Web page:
VGL researchers shed light on breed distribution and allele frequencies of equine coat color variants in new publication

Pony with a completely white coat who is SB1/SB1
Pony with a completely white coat who is SB1/SB1

Equine coat color is an important economic trait and, for centuries, horses have been selectively bred for a variety of coat colors and patterns, some of which constitute breed-defining phenotypes.  Coat color is also relevant from a health perspective, given that some pigmentation variants have been connected to equine genetic health disorders. 

This recent publication consists of the largest study to date investigating pigmentation variants in horses. Twenty-nine genetic variants that determine base coat color, dilution and white patterning were investigated in 11,281 horses from 28 breeds. Several variants were identified in breeds not previously reported and this information can help guide mate selection for desired coat colors.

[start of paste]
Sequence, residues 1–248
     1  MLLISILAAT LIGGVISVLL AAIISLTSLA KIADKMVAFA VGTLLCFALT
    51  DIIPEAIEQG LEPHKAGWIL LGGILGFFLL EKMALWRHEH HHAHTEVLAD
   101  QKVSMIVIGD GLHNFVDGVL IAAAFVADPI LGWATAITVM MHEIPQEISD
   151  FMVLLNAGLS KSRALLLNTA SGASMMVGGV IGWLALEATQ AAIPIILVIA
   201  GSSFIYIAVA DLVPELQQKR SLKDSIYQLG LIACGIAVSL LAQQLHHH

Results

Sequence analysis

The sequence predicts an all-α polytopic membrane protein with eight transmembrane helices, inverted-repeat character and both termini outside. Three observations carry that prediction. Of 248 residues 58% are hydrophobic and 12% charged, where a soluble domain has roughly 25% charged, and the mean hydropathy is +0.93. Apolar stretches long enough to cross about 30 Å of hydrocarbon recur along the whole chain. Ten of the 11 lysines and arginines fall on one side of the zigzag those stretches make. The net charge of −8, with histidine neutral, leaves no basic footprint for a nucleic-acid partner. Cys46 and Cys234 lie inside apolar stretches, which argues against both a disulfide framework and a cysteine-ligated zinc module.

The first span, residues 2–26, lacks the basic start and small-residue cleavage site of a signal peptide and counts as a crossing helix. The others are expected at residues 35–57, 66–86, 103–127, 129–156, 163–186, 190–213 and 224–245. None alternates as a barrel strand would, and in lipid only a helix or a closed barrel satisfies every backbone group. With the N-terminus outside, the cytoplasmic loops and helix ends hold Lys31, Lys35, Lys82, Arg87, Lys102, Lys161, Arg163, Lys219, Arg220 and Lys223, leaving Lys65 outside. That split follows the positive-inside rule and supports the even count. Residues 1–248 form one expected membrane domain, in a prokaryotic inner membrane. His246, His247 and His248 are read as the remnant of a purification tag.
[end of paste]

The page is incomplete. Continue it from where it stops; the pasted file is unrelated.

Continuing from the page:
The allele causing dominant white 20 (W20) was found in 25 of the breeds studied, only some of which are selected for white spotting. Therefore, additional work is needed to better understand the precise role of W20 in pigmentation across horse breed.  Additionally, this study determined that horses homozygous for splashed white 2 (SW2) are rare, with only 9 homozygous horses identified.  While rare, these data also support that SW2/SW2 horses are not embryonic lethal.  Homozygosity for sabino 1 was also found to be rare, with only six horses identified with this genotype.  

Since some coat color variants have been linked to health traits, understanding breed-specific allele frequencies can help guide recommendations and utilization of genetic testing in mate pair selection.

Read the full study here: